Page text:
Folie’s “cortisol” sounds like colorful darkness

Folie essential track

The best music is often the most difficult to write about. Folie’s latest two-track single is “the best music.” In a time where everything feels increasingly meaningless, songs like “cortisol” feel monumentally grounding. When 100 gecs member and Dog Show Records head Dylan Brady posted the release last Friday, nothing really mattered. Both sides of the single have been on repeat since. “Cortisol” is a strobing black light, colorful darkness. Folie’s blissful glitch and pitch-shifted vocals toe the line between post-irony and earnestness. It’s the kind of song you can try to ruin for yourself, only to realize on your umpteenth listen you’ll just have to keep trying.

“Cortisol” behaves like the stress hormone it’s named after. Folie mastermind Jae Robinson says it best in her bio: “kinda pretty, mostly anxious.” The New York based musician leans into a specific cathartic absurdity. Adrenaline-pumping tempo shifts backbone nuanced stipples and screeching electronic glares, each passage becoming a distinct eruption of ephemeral chaos. It’s no surprise her name is a play on the term “Foley sound.”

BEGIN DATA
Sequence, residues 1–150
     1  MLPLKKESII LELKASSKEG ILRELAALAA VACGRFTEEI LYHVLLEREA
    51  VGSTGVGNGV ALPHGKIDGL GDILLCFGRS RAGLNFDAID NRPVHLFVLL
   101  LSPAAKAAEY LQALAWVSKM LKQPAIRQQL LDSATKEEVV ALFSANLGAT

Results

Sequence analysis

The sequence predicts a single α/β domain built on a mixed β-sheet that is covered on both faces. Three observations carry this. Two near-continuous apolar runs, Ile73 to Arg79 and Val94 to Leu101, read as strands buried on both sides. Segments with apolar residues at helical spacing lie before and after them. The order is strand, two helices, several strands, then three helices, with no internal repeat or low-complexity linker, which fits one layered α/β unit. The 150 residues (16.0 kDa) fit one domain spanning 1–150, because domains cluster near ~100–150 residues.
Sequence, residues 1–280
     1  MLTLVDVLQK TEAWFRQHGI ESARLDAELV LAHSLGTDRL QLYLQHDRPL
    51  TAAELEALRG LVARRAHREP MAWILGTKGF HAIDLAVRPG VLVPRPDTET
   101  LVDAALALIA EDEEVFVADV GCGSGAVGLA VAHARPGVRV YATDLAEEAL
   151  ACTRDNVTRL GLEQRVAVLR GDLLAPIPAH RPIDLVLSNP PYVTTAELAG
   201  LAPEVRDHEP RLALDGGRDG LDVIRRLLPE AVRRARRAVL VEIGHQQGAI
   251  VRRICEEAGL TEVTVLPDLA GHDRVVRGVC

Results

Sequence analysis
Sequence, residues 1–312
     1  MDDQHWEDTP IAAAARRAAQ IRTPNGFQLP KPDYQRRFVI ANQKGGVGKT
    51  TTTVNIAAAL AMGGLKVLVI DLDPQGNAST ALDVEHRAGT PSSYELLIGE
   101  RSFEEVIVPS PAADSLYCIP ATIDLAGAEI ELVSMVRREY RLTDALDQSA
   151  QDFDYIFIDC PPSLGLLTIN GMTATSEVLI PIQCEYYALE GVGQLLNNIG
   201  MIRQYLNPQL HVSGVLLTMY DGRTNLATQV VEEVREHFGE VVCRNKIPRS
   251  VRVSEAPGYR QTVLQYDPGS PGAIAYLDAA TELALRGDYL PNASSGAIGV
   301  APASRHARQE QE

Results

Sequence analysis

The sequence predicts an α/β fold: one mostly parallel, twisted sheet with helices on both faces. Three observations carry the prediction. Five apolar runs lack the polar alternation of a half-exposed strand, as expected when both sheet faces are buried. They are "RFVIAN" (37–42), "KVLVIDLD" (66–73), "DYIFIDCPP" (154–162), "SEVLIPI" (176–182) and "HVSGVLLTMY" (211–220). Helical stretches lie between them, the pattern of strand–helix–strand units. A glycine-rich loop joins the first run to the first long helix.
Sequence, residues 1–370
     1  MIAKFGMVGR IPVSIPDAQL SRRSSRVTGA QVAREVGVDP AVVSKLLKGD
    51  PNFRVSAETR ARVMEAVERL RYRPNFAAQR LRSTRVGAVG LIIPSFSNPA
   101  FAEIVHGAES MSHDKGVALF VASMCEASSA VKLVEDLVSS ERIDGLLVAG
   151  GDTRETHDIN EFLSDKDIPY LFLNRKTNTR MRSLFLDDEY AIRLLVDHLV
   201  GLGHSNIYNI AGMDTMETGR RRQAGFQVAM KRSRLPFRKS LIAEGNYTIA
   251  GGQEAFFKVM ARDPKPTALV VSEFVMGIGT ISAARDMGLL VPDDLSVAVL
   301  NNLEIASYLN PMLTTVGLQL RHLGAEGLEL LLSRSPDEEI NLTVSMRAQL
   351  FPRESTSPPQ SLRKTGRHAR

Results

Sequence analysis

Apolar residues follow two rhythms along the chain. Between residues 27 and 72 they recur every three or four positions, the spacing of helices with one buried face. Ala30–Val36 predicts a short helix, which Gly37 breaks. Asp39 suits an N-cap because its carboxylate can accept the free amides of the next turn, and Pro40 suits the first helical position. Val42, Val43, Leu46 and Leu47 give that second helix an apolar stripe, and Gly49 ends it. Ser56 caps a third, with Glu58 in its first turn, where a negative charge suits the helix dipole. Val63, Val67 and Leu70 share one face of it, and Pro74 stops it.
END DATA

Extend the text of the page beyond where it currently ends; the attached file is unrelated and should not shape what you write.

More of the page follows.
Folie’s Dog Show debut is exceptional. There’s a crowning moment on “cortisol” about two thirds the way through. A distorted vocal sample stutters, “did you, did you see the thing I did?” The beat flips again and we’re given another chance to look at what exactly Shethy just did, only from a different angle. We’re living in a post-PC music world; Folie is what that world sounds like.

Out now via Dog Show

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